** A Note on Quick Reviews: In an effort to be more on-the-ball for 2013, I’m digging through my photo folders and getting as much posted as I can. These are not full-length, in-depth reviews, and instead, I’m writing brief reviews. For dupes, I highly suggest checking out The Swatch Gallery; it’s my first stop whenever I am looking for possible dupes. All of the swatches in this post are automatically added to the gallery, so you can compare them for yourself.

The Glossover

palette

Night Series

C-
There were too many shades with dry, chalky textures that were difficult to apply and blend to make this palette a must-have. They also tended to look too alike on, because the nuances from the shimmer didn't translate on the lid.

Product

6.5/10

Pigmentation

8.5/10

Texture

7/10

Longevity

7.5/10

Application

3/5

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Friday, October 26th, 2012

MAC Fabulousness / Smoky Eye Palette
MAC Fabulousness / Smoky Eye Palette

Up in Smoke This Set Goes

MAC Fabulousness / Smoky Eye Palette ($39.50 for 0.14 oz.) contains five eyeshadows: Taupeless (lavender pink), Satin Taupe (taupe with silver shimmer), Love Spice (mid-tone rosy pink with pearl), Spellcaster (matte aubergine), and Black Slip (rich blackened plum with pearl).

For reference, MAC eyeshadow quads ($38.00) typically contain 0.19 to 0.20 oz. (about 0.05 oz. per eyeshadow). Last year’s holiday eyeshadow palettes contained 0.21 oz. (and retailed for $38.00). The prior year’s holiday palettes contained 0.19 oz. (and retailed for $36.00). You used to get six shades, but with this year’s design, you’re getting five.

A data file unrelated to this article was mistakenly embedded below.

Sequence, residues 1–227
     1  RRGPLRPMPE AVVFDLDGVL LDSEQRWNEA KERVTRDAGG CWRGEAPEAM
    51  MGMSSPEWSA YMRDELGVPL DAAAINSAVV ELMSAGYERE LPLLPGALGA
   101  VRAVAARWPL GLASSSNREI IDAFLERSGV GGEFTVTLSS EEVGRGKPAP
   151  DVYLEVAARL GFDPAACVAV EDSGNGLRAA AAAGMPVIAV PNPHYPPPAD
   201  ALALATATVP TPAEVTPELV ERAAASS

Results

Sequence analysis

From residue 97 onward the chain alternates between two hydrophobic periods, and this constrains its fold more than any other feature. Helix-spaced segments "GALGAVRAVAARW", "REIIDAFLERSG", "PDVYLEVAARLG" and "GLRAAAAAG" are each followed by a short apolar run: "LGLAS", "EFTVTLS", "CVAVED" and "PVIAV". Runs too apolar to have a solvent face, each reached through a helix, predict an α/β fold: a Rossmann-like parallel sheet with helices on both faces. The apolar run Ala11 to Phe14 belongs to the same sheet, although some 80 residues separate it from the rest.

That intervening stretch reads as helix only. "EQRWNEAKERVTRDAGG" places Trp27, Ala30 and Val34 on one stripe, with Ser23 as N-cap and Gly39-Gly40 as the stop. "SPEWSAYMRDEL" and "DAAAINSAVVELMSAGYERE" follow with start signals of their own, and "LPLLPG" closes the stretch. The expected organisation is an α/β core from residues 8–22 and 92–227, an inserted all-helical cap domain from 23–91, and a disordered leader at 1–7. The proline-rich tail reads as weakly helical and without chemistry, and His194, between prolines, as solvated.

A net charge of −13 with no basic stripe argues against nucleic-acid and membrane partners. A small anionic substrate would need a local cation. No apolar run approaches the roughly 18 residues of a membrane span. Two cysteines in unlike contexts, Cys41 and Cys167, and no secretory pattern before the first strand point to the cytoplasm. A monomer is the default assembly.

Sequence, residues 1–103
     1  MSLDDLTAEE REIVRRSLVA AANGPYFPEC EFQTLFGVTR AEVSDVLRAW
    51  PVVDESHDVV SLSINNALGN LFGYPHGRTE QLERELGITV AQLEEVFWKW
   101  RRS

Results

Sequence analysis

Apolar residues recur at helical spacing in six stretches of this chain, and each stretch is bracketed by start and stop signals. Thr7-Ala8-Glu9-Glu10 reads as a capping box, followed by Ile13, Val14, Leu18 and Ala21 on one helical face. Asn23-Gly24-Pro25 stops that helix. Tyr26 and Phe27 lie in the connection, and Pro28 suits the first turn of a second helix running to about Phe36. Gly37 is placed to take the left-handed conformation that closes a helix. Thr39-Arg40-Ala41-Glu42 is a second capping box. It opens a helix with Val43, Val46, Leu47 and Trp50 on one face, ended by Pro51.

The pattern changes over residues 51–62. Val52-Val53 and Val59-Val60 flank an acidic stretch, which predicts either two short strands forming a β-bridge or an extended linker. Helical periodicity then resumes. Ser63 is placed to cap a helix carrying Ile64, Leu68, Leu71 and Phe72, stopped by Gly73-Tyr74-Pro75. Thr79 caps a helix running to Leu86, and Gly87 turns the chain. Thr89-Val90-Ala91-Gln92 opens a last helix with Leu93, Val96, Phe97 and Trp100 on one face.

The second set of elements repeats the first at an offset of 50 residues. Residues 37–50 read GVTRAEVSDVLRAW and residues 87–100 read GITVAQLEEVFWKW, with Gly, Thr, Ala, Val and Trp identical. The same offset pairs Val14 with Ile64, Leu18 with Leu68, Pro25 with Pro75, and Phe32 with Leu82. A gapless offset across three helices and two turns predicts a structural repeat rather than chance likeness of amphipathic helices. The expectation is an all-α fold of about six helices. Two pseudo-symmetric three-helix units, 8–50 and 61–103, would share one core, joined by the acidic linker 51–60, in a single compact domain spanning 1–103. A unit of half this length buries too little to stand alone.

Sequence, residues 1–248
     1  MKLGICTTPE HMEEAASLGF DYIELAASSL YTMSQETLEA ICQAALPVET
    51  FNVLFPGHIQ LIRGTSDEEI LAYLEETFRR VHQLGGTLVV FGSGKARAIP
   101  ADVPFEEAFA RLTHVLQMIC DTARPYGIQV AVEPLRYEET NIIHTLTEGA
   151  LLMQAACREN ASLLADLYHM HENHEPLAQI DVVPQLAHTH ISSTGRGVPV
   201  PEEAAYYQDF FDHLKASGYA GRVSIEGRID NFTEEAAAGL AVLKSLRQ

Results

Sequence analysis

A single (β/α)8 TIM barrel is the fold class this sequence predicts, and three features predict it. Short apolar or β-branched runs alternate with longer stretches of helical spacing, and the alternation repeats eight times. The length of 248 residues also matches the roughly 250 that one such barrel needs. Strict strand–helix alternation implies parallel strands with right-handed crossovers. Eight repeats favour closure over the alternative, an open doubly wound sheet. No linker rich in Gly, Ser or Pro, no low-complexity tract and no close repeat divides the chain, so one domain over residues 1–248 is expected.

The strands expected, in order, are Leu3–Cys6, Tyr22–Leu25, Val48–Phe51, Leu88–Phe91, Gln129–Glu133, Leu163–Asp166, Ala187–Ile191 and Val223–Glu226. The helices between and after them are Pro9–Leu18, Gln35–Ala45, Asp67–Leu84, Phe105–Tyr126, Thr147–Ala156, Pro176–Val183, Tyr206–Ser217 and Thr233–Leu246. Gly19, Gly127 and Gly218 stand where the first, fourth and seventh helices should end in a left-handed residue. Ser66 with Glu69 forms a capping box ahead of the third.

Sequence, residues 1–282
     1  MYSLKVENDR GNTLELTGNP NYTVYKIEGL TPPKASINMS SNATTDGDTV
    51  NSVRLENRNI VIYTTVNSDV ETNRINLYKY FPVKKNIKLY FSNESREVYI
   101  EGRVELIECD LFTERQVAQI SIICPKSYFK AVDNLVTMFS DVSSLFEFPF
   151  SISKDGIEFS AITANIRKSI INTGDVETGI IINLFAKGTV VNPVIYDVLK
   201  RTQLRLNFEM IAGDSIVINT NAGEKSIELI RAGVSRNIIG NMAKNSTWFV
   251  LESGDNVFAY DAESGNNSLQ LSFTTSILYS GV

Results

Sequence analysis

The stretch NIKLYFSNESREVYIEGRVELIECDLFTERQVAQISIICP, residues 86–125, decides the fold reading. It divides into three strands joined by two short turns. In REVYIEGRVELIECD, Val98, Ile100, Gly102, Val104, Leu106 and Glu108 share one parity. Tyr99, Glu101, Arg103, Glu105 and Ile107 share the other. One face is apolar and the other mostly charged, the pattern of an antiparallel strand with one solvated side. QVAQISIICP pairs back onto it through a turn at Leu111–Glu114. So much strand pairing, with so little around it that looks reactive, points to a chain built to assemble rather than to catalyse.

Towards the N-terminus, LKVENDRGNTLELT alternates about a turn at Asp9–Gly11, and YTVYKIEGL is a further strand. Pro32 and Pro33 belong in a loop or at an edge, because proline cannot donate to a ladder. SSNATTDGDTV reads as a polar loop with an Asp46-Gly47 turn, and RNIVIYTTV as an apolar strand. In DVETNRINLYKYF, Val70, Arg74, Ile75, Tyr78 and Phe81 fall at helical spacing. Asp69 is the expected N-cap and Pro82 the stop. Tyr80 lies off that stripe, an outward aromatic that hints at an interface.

Taupeless is a light pink with silvery-white sparkle. It has a lustre finish, so it is a bit sheerer and has lots of sparkle. I did experience a fair amount of fall out with this shade. This shade has been released before. Chanel Harmonie du Soir is a bit warmer, less sparkly. MAC Love Power is similar but less sparkly. MAC Young Venus is cooler-toned. theBalm Safe Bet Annette is slightly warmer.

Satin Taupe is a medium brown with subtle warm orange undertones and a gray-ish tinge. It doesn’t look like the permanent Satin Taupe at all. It had decent color payoff but it was a little dry. Guerlain Turandot is darker. Dior Fairy Golds is also darker.

Love Spice is a rosy-toned medium brown with a champagne shimmer-sheen. The color payoff was so-so, and the texture was a little dry. Giorgio Armani Champagne is similar but browner. Cle de Peau #207 is similar but grayer and sparkly. MAC Pink Frontier is a touch lighter. MAC Jete is darker. MAC desert is a bit grayer. MAC Earthly is grayer. Here’s a swatch of the permanent Satin Taupe.

Spellcaster is a matte, dark purple with subtle red undertones. It was dry, stiff, and was a pain-in-the-behind to blend. It’s an eyeshadow that you have to grab a lot of, place it, go back for more, place it, and then try to blend those together. Normally, I’d take some product, apply it to the middle of the area I wanted it to be, then I’d take the brush back and forth to blend it out. It just doesn’t work with the texture of this shade. NARS High Society is lighter. MAC Dynamic Duo #4 has a similar shade that was better pigmented. Urban Decay Rockstar is a little lighter and shimmery.